Idle Hands @Newcastle Trillians, May 7 2019
“Were you there the night Idle Hands played Trillians?”
“Do you remember when you could still see them up close and personal… in a Tyneside basement bar?”
Give it a year, maybe two, and metalheads lucky enough to witness this show may well be uttering those words.
OK, so maybe we’re over-egging the pudding a little. This wasn’t The Sex Pistols’ ’76 ignition at Manchester’s Lesser Trade Free Hall.
But there was just that nice tingle you get – that electric prickle of genuine excitement – when you know you’re seeing a band about to break big.
Idle Hands aren’t a household name yet.
But give it time.
Much of their appeal is down to the über-cool presence – and songwriting talents – of frontman Gabriel Franco. Spellcaster’s former bassist is a man transformed, a glorious, shades-sporting fusion of Glenn Danzig, Andrew Eldritch and Robert Smith, born to sing titanic goth metal anthems like Nightfall , but never descending into rock star schtick.
Humble, genuinely delighted by the crowd’s response and eager to chat to fans off-stage, the singer isn’t letting the hype surrounding Idle Hands’ debut album, Mana go to his head. Trillians isn’t a place where egos run wild, but still, it’s refreshing to see a guy so gracious… and doing his damnedest to make the most of his opportunity.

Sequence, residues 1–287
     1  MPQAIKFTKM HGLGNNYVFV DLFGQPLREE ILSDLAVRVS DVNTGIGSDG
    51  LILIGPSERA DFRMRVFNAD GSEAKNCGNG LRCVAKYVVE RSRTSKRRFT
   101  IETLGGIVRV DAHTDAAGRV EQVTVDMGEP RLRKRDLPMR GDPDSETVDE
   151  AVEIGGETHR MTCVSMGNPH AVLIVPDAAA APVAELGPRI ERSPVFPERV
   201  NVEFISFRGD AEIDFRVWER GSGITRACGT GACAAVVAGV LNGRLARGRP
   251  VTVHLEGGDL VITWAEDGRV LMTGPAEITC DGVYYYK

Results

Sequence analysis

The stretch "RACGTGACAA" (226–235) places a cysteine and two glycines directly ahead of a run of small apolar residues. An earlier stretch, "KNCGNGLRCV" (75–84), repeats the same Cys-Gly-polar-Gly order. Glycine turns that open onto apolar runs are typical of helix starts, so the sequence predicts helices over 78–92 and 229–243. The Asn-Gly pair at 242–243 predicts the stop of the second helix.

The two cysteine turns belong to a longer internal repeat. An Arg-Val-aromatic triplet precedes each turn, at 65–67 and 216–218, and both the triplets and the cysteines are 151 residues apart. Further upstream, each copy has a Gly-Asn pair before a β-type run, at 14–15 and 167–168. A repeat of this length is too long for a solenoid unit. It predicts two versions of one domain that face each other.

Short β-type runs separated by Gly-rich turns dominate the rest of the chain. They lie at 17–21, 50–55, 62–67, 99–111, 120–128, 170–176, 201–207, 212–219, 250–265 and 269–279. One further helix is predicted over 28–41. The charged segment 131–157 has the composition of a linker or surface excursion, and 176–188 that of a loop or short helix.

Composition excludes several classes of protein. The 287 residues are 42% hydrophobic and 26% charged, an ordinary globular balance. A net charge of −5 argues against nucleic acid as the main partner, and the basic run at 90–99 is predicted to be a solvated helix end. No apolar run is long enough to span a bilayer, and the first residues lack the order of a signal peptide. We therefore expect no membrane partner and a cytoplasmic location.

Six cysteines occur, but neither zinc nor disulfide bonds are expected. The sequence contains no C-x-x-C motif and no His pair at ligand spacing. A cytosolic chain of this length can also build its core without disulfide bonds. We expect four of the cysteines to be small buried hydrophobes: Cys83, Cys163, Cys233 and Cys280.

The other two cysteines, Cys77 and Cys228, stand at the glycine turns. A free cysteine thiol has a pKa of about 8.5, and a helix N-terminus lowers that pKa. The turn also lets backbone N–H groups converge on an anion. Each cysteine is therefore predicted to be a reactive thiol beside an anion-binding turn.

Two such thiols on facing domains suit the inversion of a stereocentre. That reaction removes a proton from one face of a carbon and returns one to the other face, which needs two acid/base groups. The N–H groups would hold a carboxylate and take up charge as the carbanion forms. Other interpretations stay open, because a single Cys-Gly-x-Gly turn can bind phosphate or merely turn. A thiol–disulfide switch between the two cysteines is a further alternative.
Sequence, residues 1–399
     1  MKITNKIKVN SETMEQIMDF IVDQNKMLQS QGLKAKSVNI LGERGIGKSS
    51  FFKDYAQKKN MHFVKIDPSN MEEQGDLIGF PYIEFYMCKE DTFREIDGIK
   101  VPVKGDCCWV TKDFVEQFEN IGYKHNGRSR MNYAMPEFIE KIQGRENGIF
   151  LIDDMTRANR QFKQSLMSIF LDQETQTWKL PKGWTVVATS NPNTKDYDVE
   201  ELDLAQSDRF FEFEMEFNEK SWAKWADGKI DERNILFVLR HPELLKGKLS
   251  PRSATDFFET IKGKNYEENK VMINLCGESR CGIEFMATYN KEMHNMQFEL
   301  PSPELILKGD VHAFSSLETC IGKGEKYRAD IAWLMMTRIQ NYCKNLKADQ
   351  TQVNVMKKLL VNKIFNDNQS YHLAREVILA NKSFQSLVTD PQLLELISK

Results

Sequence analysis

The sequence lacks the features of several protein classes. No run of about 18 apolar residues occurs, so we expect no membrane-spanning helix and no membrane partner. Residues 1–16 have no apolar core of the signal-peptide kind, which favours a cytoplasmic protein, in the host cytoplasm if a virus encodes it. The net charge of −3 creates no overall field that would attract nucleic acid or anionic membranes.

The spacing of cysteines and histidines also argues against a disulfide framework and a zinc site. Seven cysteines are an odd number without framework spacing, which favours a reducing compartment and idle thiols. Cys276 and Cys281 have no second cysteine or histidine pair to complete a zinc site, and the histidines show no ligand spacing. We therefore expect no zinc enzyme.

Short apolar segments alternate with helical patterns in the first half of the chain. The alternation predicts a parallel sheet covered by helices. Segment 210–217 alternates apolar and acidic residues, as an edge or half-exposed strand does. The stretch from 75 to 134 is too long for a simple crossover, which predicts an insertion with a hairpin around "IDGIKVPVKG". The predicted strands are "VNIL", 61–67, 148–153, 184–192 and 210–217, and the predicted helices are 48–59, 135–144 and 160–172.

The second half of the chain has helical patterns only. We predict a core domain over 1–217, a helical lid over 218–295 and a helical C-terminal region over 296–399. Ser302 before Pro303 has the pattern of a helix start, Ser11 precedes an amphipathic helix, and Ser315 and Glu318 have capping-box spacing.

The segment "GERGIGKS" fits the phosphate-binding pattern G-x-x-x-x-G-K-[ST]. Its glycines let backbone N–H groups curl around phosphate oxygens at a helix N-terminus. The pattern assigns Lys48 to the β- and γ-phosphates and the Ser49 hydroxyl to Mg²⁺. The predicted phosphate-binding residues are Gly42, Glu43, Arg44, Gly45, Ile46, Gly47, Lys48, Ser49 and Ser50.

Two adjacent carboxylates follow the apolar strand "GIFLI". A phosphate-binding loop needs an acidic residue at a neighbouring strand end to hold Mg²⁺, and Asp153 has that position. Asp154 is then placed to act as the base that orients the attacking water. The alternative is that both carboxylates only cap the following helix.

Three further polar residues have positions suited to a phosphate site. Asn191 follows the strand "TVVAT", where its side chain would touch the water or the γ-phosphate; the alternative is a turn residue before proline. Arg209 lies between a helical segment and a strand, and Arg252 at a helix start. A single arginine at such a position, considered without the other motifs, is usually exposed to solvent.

Let the sweet poison of Blade And The Will and Double Negative flow in your veins, though, and you’ll realise why the Oregon outfit – a quintet when they hit the road – are one of metal’s brightest (or darkest) hopes. Their slick, passionate, chorus-drenched songs, the bubbling cauldron of NWOBHM, 80s rock and goth… it all seems destined to take Franco and co. to arena-level heights.
And the band’s promise is backed by real class when the black clad five-piece stride on stage. Lead guitarist and Spellcaster alumnus Sebastian Silva brings a sparkling level of melodic dexterity to Jackie and By Way Of Kingdom, and sticksman Colin Vranizan keeps the set flowing with verve and imagination. Yet watching Idle Hands as a whole, as a taught, incisive unit, is equally as thrilling.
This clearly isn’t an act just finding their way in the world.
Confident and compelling, Idle Hands look and sound the part, despite this being comparatively early days for the band.
Indeed with just one EP (2018’s Don’t Waste Your Time) and a single full-length to their name, by the time Idle Hands downed tools they’d used up most of their repertoire.
Luckily for Newcastle, this setlist was a bounty of forbidden fruit. From the sweet melancholy of Can You Hear The Rain to Give Me To The Night’s Maiden meets Cure thrust, it served as a delicious taster for Mana’s release, just days later.
In a couple of years, A&Rs will be desperately searching for the next Idle Hands. For now, let’s just enjoy the band in bars like Trillians… and watch metal’s best kept secret reveal itself.